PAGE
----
Hemp Bill Passes: Crop Gains Headway in Kentucky
Industrial hemp is gaining momentum in the political mainstream in Kentucky, according to the state Senate passage of a bill to strictly regulate the crop if the federal government lifts its current ban on the one-time agricultural staple in the Bluegrass state.
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The bill would license hemp growers if the crop gains a federal reprieve. It cleared the Senate on a 31-6 vote as supporters promoted its potential to diversity Kentucky farms. As tobacco is not as commonly used today, hemp has become more popular and could create processing and manufacturing jobs in converting the plant into products that include paper, clothing, auto parts, bio fuels, food and lotions.
Sen. Paul Hornback, a tobacco farmer and the bill's lead sponsor, said he believes that Kentucky needs to be at the forefront of giving the taboo crop a chance to 'grow.'
"Give us the opportunity," Hornback said. "Put us in a position in Kentucky to give us an opportunity to see how this works. I don't think anybody knows exactly what the economic impact's going to be in Kentucky. We don't know what the economic viability is going to be."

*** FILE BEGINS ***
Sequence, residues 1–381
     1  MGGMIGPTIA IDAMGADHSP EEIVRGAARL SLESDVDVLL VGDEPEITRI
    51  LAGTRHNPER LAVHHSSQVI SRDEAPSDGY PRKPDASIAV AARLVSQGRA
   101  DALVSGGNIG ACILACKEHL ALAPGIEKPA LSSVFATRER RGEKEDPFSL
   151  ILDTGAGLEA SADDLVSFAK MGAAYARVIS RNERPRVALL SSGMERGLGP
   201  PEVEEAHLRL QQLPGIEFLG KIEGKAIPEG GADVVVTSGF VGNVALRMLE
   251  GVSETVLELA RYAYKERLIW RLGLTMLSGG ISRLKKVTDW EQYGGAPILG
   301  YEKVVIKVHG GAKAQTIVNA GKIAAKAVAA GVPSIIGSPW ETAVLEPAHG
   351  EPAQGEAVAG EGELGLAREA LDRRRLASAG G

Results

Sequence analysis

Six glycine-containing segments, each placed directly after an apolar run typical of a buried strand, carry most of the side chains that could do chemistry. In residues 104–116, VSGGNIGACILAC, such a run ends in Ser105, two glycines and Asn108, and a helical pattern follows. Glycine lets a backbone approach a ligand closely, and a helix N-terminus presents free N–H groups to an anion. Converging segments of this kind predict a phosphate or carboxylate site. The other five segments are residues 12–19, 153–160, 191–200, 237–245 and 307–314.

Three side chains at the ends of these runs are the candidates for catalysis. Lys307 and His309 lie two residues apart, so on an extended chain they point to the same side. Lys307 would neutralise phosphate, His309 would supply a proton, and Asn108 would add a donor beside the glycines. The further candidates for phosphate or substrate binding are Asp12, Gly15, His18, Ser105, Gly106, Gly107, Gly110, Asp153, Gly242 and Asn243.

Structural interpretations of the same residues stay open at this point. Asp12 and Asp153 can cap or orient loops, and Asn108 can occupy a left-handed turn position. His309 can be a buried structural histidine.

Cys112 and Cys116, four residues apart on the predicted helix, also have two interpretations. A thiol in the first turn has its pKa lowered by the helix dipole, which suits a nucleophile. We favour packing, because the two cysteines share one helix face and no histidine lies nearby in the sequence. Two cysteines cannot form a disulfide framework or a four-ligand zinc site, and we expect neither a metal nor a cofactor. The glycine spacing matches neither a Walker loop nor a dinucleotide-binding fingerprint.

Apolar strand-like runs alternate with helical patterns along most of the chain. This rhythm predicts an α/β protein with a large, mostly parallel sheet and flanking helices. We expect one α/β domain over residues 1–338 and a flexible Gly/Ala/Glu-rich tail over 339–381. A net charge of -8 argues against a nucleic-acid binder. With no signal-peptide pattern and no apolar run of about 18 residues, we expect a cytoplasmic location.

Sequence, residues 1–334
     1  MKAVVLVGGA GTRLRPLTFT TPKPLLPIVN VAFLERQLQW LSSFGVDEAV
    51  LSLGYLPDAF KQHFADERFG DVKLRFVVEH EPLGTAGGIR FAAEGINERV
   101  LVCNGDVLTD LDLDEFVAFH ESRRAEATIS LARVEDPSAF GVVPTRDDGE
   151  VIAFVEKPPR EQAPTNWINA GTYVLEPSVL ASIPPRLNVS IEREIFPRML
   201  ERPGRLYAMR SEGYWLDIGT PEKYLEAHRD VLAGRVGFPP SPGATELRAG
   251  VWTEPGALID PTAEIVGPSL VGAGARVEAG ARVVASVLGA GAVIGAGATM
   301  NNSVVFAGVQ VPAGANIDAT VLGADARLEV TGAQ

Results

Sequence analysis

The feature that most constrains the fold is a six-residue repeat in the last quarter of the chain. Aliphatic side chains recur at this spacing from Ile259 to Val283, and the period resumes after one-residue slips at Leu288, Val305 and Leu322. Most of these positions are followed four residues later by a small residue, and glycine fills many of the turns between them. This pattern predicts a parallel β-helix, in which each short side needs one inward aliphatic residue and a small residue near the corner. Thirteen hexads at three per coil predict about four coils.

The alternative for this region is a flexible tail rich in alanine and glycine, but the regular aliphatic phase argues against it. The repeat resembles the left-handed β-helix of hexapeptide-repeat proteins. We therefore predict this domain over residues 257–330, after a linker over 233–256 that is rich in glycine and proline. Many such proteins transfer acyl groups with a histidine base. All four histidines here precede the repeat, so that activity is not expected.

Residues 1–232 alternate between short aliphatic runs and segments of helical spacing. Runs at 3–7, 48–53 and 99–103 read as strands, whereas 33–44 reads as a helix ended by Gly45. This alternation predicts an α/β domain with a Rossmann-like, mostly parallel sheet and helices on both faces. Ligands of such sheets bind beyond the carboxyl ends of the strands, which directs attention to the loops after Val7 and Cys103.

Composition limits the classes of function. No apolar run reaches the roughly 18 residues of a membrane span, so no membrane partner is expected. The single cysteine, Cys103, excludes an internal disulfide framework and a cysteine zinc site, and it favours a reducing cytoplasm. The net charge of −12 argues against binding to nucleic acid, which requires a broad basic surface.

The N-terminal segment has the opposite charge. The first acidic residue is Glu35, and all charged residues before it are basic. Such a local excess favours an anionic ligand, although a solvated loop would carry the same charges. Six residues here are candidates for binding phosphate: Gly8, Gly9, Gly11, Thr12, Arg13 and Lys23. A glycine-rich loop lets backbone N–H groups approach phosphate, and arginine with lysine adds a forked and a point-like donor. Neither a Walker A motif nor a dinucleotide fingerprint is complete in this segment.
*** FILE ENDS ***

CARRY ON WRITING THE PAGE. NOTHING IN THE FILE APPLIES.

The bill now heads to the House, where its prospects are much less certain.
"I think it'll have a little tougher time here," House Speaker Greg Stumbo told reporters.
Stumbo, D-Prestonsburg, said hemp supporters haven't yet proven there's a viable market for the crop that vanished from U.S. farms decades ago.
"It's not that we're saying 'no,'" Stumbo said. "We're simply saying that the evidence doesn't show that there's enough of a market to override the concerns that the law enforcement community has."
Under the Kentucky bill, the state agriculture department would license hemp growers and production would be subject to inspection. Growers would undergo criminal background checks. A production license would be valid for one year and a grower would be limited to 10 acres for each license.
However, law enforcement skeptics, including Kentucky State Police Commissioner Rodney Brewer, worry that officers will be unable to detect the difference between help and marijuana without costly lab tests.